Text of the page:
With funding from Virginia Catalyst, also known as the Virginia Biosciences Health Research Corp., Virginia Tech is engaged in three collaborative bioscience projects to address unmet health care needs in Virginia, according to Michael Friedlander, vice president for health sciences and technology at Virginia Tech.
The Catalyst awards, which range from $350,000 to $800,000, support joint research projects between industry and Virginia universities that have the potential to significantly improve human health and create high value jobs in the commonwealth.
“All three projects are related to biomedical research and development,” said Friedlander, who is also the executive director of the Fralin Biomedical Research Institute at VTC. “Each project tackles a different aspect of medical science, including RNA-based precision medicine for lupus disease management, treatment of high-dose ionizing radiation, and a hybrid alpha-pseudovirus platform to develop the next generation of vaccines.”
Virginia Tech will collaborate with the University of Virginia on two of the three projects and with George Mason University on the third project.
We are excited to continue our mission of supporting collaborations and fostering economic growth in Virginia’s life sciences, enabling the commonwealth to compete on a national and global scale. The critical mass achieved by these collaborations provides Virginia with competitive advantages over other states and has resulted in significant outside capital being invested to finance the commercialization of Virginia’s innovations and create significant high-paying jobs for the commonwealth.”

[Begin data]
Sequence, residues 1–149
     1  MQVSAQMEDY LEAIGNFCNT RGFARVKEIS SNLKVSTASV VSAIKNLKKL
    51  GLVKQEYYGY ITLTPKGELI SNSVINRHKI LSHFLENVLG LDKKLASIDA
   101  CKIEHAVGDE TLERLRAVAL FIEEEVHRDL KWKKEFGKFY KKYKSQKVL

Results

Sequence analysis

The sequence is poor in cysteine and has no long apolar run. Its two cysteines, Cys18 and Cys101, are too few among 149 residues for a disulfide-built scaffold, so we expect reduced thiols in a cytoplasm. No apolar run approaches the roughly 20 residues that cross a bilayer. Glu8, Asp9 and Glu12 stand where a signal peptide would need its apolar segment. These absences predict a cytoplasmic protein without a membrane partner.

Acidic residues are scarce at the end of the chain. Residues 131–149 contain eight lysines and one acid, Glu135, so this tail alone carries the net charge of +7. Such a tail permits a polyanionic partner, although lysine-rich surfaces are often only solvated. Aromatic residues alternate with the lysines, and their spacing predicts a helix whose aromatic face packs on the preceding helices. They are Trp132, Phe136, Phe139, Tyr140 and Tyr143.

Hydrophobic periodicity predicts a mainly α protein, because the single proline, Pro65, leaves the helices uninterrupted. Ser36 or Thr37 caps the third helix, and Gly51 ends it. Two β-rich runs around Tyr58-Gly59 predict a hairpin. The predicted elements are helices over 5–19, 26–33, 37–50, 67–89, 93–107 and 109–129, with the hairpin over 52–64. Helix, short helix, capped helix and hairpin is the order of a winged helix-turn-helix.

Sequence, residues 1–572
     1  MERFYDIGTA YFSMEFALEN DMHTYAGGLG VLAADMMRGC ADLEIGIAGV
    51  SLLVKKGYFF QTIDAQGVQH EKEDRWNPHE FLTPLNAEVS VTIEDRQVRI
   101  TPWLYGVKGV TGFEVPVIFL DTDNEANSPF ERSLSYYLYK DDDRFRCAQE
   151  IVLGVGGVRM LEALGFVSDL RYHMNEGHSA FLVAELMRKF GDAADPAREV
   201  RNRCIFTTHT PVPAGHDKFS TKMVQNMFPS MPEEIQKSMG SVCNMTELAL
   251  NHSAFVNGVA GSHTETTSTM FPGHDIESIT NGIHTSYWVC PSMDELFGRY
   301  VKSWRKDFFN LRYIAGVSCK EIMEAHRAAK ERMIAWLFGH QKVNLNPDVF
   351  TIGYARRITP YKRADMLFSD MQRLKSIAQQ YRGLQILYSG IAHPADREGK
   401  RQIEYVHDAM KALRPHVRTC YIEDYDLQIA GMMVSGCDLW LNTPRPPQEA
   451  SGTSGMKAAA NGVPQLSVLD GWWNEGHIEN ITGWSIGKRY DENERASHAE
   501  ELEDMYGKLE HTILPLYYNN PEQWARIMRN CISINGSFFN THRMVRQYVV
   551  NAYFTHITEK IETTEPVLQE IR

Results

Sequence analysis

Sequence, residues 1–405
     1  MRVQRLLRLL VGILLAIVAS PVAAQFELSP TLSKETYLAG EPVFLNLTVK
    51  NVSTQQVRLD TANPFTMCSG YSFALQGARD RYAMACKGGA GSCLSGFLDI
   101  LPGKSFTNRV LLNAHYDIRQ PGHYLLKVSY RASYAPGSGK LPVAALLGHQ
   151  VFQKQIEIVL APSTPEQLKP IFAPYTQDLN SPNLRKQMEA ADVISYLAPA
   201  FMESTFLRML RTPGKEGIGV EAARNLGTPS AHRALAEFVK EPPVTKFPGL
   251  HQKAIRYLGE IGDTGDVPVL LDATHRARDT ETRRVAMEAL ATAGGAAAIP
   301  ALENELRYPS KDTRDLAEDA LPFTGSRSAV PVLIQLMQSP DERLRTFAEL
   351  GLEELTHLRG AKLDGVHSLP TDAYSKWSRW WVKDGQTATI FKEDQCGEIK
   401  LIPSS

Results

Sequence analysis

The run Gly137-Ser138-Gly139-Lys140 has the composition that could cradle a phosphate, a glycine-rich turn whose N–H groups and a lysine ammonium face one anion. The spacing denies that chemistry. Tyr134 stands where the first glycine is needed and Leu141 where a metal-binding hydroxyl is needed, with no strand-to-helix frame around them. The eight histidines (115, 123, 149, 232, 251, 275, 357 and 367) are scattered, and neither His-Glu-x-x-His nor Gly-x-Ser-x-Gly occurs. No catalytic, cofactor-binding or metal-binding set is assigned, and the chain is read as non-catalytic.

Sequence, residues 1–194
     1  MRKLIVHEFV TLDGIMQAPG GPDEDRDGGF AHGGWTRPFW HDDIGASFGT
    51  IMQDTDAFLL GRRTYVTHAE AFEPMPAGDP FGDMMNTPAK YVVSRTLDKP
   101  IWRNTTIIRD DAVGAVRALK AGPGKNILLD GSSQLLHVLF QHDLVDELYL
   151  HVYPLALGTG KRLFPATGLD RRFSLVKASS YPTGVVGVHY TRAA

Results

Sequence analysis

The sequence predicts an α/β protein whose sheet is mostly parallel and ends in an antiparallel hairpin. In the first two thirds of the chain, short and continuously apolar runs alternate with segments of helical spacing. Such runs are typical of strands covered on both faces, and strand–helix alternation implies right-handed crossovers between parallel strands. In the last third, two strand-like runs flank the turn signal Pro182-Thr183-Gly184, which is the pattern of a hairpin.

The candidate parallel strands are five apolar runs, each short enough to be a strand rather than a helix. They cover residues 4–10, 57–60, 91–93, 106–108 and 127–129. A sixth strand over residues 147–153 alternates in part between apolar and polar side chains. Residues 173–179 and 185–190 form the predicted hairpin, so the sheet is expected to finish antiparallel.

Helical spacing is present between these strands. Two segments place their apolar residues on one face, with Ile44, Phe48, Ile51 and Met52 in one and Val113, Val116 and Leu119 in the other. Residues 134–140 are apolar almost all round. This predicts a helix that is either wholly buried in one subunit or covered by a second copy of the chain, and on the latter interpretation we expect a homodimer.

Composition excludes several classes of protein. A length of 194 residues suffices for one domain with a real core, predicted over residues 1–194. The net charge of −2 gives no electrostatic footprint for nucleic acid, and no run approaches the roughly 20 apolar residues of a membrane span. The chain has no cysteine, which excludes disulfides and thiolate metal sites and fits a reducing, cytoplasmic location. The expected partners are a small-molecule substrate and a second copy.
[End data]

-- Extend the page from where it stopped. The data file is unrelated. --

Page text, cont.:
Mike Grisham, CEO of Virginia Catalyst
The projects include
- A hybrid alpha-pseudovirus, multi-viral nasal vaccine platform
Company: Virongy Biosciences, Manassas
University collaborators: George Mason University and Virginia Tech, Kylene Kehn-Hall, professor, biomedical sciences and pathobiology, Virginia-Maryland College of Veterinary Medicine
Funding amount: $500,000
- A novel platform for treatment of high dose Iionizing radiation
Company: The Tiny Cargo Co., a Roanoke-based spinoff of the Fralin Biomedical Research Institute with postdoctoral associate and Chief Scientific Officer Spencer Marsh
University collaborators: University of Virginia and Virginia Tech, Marsh and Rob Gourdie, professor, Fralin Biomedical Research Institute
Funding amount: $350,000
- RNA based precision medicine for lupus disease management
Company: AMPEL BioSolutions LLC, Charlottesville
University collaborators: University of Virginia and Virginia Tech, Xin Luo, associate professor, Chris Reilly, adjunct research associate professor, biomedical sciences and pathobiology, Virginia-Maryland College of Veterinary Medicine
Funding amount: $800,000